5. A drawing with a similar subject is Scheveningen woman with a wheelbarrow (F 1021 / JH 362); Meedendorp dates this to March 1883. See cat. Otterlo 2007, pp. 194-195.
6. Most probably the draughtsman, wood engraver and lithographer Willem Hendrik Stam, who had lived in The Hague. Between 1853 and 1872 his work was seen at exhibitions in The Hague in the form of woodcuts, wood engravings and drawings, as is evident from the Kunstkronijk. No information about an auction of his estate has been found, but there is a detailed survey of his graphic work in a scrapbook with numerous prints after the work of various artists (Amsterdam, Library Rijksmuseum).
7. Van Gogh’s interest in Lhermitte as a Black and White artist was prompted by what he had read about him in The Graphic: see letters 307-310.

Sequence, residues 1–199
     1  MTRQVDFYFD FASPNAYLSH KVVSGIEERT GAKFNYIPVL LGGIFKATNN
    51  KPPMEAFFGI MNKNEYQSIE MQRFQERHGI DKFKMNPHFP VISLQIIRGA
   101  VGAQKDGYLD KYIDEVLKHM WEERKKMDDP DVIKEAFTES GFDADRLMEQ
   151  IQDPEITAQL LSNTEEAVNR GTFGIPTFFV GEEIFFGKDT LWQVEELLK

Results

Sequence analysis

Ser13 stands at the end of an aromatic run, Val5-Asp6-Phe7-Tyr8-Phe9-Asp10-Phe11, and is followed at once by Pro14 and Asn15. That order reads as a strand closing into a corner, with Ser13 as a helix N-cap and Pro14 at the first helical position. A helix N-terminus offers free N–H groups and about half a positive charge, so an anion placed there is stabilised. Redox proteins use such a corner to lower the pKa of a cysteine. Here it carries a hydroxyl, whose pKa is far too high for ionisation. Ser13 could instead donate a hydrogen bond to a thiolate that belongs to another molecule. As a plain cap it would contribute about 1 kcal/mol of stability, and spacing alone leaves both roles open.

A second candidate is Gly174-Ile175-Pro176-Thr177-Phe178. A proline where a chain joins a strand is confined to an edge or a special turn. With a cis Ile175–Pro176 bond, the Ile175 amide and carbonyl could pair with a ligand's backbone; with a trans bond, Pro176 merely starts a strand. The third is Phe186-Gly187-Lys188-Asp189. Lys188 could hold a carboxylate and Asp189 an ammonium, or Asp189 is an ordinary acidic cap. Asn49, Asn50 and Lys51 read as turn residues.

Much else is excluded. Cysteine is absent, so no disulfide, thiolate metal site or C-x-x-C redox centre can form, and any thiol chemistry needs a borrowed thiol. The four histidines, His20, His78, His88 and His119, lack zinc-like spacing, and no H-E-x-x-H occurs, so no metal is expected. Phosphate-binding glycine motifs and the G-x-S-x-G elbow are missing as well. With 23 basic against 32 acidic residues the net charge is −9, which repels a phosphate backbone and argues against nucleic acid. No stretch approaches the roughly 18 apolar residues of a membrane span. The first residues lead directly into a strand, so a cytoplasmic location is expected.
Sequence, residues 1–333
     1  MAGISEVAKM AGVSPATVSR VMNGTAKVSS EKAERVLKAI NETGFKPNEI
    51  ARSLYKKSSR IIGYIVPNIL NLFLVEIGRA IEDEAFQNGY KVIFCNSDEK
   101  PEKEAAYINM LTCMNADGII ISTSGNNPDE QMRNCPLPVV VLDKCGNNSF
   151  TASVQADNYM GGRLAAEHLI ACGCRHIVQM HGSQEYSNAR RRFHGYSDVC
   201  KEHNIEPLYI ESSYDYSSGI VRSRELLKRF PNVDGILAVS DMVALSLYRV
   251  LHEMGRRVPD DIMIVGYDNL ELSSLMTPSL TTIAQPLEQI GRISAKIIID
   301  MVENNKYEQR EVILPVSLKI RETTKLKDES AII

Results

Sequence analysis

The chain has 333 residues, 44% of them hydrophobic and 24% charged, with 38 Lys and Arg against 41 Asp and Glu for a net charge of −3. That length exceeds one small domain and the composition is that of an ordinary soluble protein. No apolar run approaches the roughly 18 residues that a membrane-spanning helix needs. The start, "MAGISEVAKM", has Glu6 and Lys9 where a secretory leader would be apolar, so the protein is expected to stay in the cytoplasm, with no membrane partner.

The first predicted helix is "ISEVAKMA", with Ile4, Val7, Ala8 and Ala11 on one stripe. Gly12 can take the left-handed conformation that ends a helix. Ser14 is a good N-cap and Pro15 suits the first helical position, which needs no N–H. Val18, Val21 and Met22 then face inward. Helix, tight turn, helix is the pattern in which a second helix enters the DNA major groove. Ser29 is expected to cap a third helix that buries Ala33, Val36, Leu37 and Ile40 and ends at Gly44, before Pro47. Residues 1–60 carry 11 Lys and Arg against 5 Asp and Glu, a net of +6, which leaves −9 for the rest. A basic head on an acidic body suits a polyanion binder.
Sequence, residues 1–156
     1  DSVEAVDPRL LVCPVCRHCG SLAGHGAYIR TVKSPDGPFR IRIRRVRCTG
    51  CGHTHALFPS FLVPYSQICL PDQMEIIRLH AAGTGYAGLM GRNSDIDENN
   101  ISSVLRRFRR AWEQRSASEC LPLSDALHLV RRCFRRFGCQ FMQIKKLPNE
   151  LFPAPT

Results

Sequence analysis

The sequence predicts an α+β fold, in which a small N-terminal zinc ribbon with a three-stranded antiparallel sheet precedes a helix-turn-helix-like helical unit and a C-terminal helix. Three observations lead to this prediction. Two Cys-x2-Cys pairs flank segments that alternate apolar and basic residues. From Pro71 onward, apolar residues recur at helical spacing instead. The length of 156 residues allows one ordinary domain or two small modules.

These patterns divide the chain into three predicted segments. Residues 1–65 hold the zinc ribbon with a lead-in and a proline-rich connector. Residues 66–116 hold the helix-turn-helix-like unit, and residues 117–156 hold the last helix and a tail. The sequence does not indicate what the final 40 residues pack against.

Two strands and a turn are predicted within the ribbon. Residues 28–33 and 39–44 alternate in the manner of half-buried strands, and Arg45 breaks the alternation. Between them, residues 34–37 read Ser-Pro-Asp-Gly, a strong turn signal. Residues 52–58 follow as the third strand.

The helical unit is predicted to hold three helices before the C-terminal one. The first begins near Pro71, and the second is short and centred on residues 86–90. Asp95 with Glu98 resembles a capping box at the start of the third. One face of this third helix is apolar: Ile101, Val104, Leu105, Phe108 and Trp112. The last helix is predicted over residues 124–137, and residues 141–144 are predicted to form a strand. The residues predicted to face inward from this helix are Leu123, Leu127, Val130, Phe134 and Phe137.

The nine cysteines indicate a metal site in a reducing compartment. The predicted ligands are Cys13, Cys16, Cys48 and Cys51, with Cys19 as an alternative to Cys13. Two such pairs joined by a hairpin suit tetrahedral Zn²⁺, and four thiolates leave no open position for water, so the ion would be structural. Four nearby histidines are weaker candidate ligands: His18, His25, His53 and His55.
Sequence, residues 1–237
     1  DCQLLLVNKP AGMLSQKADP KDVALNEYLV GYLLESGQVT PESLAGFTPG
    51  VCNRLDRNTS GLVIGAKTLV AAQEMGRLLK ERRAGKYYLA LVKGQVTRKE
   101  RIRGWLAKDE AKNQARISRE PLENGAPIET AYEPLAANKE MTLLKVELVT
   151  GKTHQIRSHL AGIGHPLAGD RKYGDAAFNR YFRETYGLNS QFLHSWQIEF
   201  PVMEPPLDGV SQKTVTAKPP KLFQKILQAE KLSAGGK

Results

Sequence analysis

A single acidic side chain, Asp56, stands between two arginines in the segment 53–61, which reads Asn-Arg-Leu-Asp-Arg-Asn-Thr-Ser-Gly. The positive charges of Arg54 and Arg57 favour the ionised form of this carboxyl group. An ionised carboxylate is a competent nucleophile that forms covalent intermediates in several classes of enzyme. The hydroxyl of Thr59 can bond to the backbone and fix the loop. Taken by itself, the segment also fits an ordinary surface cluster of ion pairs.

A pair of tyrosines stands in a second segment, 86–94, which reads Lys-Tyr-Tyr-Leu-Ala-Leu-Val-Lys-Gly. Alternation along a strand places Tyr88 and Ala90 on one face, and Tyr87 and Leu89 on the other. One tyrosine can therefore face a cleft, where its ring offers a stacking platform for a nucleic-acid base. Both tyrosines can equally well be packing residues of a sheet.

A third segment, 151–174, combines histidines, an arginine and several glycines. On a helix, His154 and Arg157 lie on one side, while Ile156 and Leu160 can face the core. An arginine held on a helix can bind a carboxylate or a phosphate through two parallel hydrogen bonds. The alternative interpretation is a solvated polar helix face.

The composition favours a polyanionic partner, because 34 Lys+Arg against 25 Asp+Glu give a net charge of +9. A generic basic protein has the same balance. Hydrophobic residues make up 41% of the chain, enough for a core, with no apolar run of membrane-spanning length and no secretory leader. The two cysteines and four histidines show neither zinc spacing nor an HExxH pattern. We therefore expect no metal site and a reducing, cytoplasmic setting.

8. For this visit by Van der Weele in November 1882, see letter 285.
9. Digger (F 1656 / JH 262 [2412]). The drawing for this is not known; two other studies are Digger (F 906 / JH 260 [2410]) and Digger (F 907 / JH 261 [2411]).
[2412] [2410] [2411]
11. This entrance gate at the back of the pawnshop was in Korte Lombardstraat. A year earlier Van Gogh had done the drawing The entrance to the Pawn Bank, The Hague (F - / JH 126 [3022]) there; it shows how the walls on either side of the gate were covered with posters. One of them also bears the words: ‘Prospectus EIGEN HAARD geïllustreerd tijdschrift’ (Prospectus of the Eigen Haard illustrated periodical). See cat. Amsterdam 1996, pp. 105-109, cat. no. 24.
The poster would have been an announcement of the prospectus for this illustrated family magazine ‘Hearth and Home’, which also offered ‘art plates’. On this magazine: Hemels and Vegt 1993, pp. 146-150.